There’s No Stopping Bad Behavior A problem you will have with both robots.txt and the robots tag is that these instructions cannot enforce their directives. While Google and Bing will certainly respect your instructions, someone using Screaming Frog, Xenu, or their own custom site crawler can simply ignore disallow and noindex directives. … [Read more...] about Have You Considered Privacy Issues When Using Robots.txt & The Robots Meta Tag?
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What does happen, though, is that the IT or other departments are looking at the bandwidth by robot and they see a bot they don’t know well using up a lot of bandwidth as it crawls your site. Since they don’t know what it is, they block the bot. This will cause a large drop in landing page quality scores. … [Read more...] about What PPC Practitioners Should Know About Robots.txt Files
Business models are changing, and publishers need a protocol to express permissions of access and use that is flexible and extensible as new business models arise. ACAP will be entirely agnostic with respect to business models, but will ensure that revenues can be distributed appropriately. ACAP presents a win win for the whole online publishing community with the promise of more high quality content and more innovation and investment in the online publishing sector. ACAP is for the large as well as the small and even the individuals. It will benefit all content providers whether they are working alone or through publishers. A future without publishers willing and able to invest in high quality content and get a return on that investment is a future without high-quality content on the net. … [Read more...] about ACAP Versus Robots.txt For Controlling Search Engines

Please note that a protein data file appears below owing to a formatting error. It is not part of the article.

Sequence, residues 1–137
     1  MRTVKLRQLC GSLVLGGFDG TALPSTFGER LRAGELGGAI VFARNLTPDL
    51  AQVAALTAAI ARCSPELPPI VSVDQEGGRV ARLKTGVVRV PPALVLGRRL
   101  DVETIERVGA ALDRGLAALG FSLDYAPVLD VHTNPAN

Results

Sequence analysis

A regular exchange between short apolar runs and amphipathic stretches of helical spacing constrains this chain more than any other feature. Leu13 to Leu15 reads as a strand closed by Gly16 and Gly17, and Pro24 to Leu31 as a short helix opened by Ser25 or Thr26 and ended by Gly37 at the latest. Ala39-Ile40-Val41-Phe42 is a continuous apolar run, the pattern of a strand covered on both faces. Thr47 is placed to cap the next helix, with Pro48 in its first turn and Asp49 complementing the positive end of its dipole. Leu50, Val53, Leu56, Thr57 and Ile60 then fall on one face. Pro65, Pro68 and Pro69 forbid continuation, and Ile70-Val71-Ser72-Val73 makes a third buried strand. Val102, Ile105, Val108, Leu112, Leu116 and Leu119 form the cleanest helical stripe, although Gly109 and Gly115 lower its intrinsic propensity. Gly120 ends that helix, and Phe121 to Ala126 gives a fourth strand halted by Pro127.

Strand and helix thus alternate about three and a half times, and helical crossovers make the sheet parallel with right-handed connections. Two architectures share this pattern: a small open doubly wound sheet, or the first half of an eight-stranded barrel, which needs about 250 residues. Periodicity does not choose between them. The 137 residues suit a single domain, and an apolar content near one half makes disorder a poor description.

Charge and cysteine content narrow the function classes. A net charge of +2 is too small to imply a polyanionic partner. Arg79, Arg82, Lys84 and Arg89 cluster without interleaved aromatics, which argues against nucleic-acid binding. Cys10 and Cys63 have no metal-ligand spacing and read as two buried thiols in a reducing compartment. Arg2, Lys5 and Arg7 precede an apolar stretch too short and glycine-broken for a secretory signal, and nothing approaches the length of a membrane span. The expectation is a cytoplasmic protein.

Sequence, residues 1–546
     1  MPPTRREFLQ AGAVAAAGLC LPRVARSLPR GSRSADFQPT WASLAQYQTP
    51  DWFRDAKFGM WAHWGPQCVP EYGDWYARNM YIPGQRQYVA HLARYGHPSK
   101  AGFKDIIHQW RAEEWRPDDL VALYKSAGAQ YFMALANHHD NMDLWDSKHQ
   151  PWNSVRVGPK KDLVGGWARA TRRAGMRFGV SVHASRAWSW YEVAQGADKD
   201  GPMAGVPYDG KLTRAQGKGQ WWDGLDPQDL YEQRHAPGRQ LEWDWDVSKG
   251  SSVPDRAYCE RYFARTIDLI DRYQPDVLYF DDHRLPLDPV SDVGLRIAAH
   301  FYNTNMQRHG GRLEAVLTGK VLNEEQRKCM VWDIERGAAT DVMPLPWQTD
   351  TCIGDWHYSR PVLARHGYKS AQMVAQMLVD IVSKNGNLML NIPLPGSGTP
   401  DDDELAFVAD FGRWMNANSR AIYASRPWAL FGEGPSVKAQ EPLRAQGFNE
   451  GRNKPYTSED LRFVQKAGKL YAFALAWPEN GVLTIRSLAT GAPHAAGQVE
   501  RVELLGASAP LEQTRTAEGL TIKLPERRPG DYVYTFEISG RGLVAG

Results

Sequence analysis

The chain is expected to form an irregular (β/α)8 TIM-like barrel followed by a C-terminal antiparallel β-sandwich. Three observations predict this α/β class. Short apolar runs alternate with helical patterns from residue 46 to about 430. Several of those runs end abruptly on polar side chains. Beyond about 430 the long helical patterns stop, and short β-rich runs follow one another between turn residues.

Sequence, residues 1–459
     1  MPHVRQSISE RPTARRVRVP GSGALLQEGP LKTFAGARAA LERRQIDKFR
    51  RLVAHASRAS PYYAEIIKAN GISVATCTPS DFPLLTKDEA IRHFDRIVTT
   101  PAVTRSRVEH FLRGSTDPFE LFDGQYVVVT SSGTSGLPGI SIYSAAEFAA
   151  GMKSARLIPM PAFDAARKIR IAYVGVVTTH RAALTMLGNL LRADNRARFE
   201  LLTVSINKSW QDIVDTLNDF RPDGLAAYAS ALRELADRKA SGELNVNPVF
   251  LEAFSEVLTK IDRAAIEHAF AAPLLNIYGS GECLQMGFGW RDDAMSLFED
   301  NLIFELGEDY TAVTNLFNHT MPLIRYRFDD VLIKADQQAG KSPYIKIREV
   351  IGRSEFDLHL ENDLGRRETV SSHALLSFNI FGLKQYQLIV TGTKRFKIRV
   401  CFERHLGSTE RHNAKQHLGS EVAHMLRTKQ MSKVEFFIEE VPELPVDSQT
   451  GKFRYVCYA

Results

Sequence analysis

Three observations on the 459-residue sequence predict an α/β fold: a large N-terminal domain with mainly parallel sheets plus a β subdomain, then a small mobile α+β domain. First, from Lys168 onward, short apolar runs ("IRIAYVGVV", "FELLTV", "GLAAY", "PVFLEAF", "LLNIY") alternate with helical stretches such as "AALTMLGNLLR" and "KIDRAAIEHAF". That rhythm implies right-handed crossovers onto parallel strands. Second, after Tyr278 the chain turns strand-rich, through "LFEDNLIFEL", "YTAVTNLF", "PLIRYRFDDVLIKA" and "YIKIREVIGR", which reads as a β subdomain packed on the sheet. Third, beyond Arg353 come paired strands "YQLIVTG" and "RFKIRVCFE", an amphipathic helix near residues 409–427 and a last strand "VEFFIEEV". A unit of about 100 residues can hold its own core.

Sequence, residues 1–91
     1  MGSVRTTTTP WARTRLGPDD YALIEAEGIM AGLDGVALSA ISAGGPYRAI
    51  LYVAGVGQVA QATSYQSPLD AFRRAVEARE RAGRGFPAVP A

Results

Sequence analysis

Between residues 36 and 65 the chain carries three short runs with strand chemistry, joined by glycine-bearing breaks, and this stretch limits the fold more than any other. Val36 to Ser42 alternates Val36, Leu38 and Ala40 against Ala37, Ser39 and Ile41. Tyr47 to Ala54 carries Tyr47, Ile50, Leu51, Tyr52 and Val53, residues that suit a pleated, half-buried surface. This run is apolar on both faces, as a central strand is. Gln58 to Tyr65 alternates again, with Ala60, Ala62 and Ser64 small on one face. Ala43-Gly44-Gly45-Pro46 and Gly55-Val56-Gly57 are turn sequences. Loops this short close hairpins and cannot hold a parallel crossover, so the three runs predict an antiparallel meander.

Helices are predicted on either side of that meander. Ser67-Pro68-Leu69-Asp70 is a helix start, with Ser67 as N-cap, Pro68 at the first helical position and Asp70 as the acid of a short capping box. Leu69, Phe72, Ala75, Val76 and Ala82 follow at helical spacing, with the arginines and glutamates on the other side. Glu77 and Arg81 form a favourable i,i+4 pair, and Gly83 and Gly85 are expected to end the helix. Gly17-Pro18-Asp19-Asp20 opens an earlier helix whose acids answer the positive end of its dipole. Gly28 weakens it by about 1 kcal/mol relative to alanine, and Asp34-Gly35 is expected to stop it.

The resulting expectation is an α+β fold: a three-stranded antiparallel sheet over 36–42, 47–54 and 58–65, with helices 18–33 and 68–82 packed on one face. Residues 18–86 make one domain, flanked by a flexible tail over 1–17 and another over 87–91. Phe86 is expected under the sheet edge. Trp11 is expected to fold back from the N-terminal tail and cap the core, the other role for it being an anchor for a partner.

User-Agent: the robot the following rule applies to (e.g. “Googlebot,” etc.) Disallow: the pages you want to block the bots from accessing (as many disallow lines as needed) Noindex: the pages you want a search engine to block AND not index (or de-index if previously indexed). Unofficially supported by Google; unsupported by Yahoo and Live Search. Each User-Agent/Disallow group should be separated by a blank line; however no blank lines should exist within a group (between the User-agent line and the last Disallow). The hash symbol (#) may be used for comments within a robots.txt file, where everything after # on that line will be ignored. May be used either for whole lines or end of lines. Directories and filenames are case-sensitive: “private”, “Private”, and “PRIVATE” are all uniquely different to search engines. … [Read more...] about A Deeper Look At Robots.txt
Why are the search engines coming together to talk about their varied support for traditional methods for blocking access to web content? A Microsoft spokesperson told me that while robots.txt has been the de facto standard for some time, the search engines had never come together to detail how they support it and said the aim is to “make REP more intuitive and friendly to even more publishers on the web.” Google similarly said that “doing a joint post allows webmasters to see how we all honor REP directives, the majority of which are identical, but we also call out those that are not used by all of us.” … [Read more...] about Yahoo!, Google, Microsoft Clarify Robots.txt Support